As a Labour Party MP seeking reelection in Scotland, Danielle Rowley is hoping to beat the odds.
Once the country’s dominant political force, the Scottish Labour party finds itself fighting for its life ahead of the U.K. general election on December 12.
In the strange and obscure world of Scottish constitutional politics, something can be utterly inevitable – until it suddenly isn’t. For most of the past ten years, and certainly for the past two, a widespread consensus has existed in Scotland regarding the inevitability of independence. That consensus has been based on the almost total dominance of Scotland’s electoral landscape by the Scottish National Party (SNP). Last month, the landscape changed.
At the UK’s snap general election on 8 June, the SNP shed 21 of its 56 Westminster seats and saw its share of the vote slump by 13 points. Angus Robertson, the party’s chief strategist, and Alex Salmond, its former leader, both lost their once rock-solid constituencies in the rural north-east. Towering nationalist majorities across Glasgow and the central belt crumbled. Even the Liberal Democrats enjoyed a modest Caledonian revival, adding three new Scottish MPs, in Edinburgh, Dunbartonshire, and Caithness, to their previous, solitary total of one.
Fasten your seat belts, folks, because we are about to do it all over again.
Britain may have survived one recent constitutional crisis – last year’s vote on Scottish independence – but it is already hurtling violently towards another.
Activists rush in and out of Natalie McGarry’s campaign office on Westmuir Street in Parkhead, a short walk from the towering grey-and-green stadium of Celtic Football Club. The Scottish National Party candidate for Glasgow East, an energetic 33-year-old policy officer who rose to prominence during last year’s independence referendum, is preparing her team for the first of its twice-daily canvassing sessions. “OK, let’s go,” she says. “We’ve got a lot of work to do.” If on 7 May the Nationalists can win here, where the sitting Labour MP, Margaret Curran, has a majority of almost 12,000, they will sweep the country, defeating Labour in its west coast and central belt heartlands.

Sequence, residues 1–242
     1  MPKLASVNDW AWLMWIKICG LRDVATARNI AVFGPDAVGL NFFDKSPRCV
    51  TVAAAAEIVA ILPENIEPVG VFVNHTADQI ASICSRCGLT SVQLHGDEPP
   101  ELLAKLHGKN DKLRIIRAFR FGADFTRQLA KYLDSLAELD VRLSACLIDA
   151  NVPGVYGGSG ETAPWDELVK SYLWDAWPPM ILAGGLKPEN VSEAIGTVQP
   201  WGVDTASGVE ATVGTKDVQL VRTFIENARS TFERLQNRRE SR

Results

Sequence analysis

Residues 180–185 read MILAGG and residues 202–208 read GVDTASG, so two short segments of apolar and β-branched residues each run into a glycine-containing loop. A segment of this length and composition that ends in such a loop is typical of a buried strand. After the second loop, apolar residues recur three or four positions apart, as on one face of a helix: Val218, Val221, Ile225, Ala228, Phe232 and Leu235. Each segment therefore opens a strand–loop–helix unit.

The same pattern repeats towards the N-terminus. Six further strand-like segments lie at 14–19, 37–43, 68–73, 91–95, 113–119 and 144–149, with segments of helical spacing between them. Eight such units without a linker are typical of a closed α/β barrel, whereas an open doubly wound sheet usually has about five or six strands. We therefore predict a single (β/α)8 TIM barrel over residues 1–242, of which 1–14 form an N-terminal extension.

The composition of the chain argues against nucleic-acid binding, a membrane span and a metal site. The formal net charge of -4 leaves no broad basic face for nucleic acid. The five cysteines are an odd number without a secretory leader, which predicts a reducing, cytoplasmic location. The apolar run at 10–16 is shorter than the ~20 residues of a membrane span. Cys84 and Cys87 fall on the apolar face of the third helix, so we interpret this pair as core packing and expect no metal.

In Glasgow East, as in Scotland at large, ideology, identity and class have merged to shape a new political landscape. Left-leaning voters, voters who consider themselves strongly Scottish and voters from low-income or working-class backgrounds account for a large section of the SNP’s expanding post-referendum base. According to a recent survey by YouGov, 40 per cent of Scots who backed Labour at the 2010 general election now support the SNP. A similar proportion of Labour supporters voted Yes on 18 September.
“I’ve seen this happen so many times before”, one veteran left-wing activist told me in the early hours of Friday morning, as we stood in the lobby of the Emirates Arena in the east end of Glasgow. “The Labour vote descends like a mist from nowhere and disperses just as quickly.”
In the end, it was only one section of the Labour vote – the public sector “salatariat”, as the journalist Paul Mason, another of my companions at the Glasgow count, described it – that turned out for the Union. The poorest parts of Scotland – those areas in which Westminster’s failure is most conspicuous – went with the nationalists.
Jackie Anderson stands in the center of the campaign office she helps run on Maryhill Road in north Glasgow. Her white T-shirt is emblazoned with a single word in bright blue print: “Yes.”
On Thursday, Scotland holds a referendum on independence from the United Kingdom. Pollsters say the race is too close to call. But Anderson has no doubt about the way the residents of Maryhill will vote.
For as long as I’ve been aware of books, I’ve been aware of Tom Nairn’s The Break-Up of Britain. When I was growing up, there were at least two copies – separate editions: the original from 1977 and a later volume from 1981 with a postscript on Thatcherism – lodged on my dad’s bookshelves. It was the later volume, with its distinctive black and yellow jacket design, that first caught my attention.
As I got older and began to delve into them, I was quietly thrilled to find my dad’s name – Stephen Maxwell – among those cited by Nairn, alongside Gordon Brown and Hamish Henderson, in the acknowledgements. But it wasn’t until my late teens that I really began to engage with – or properly comprehend – their contents.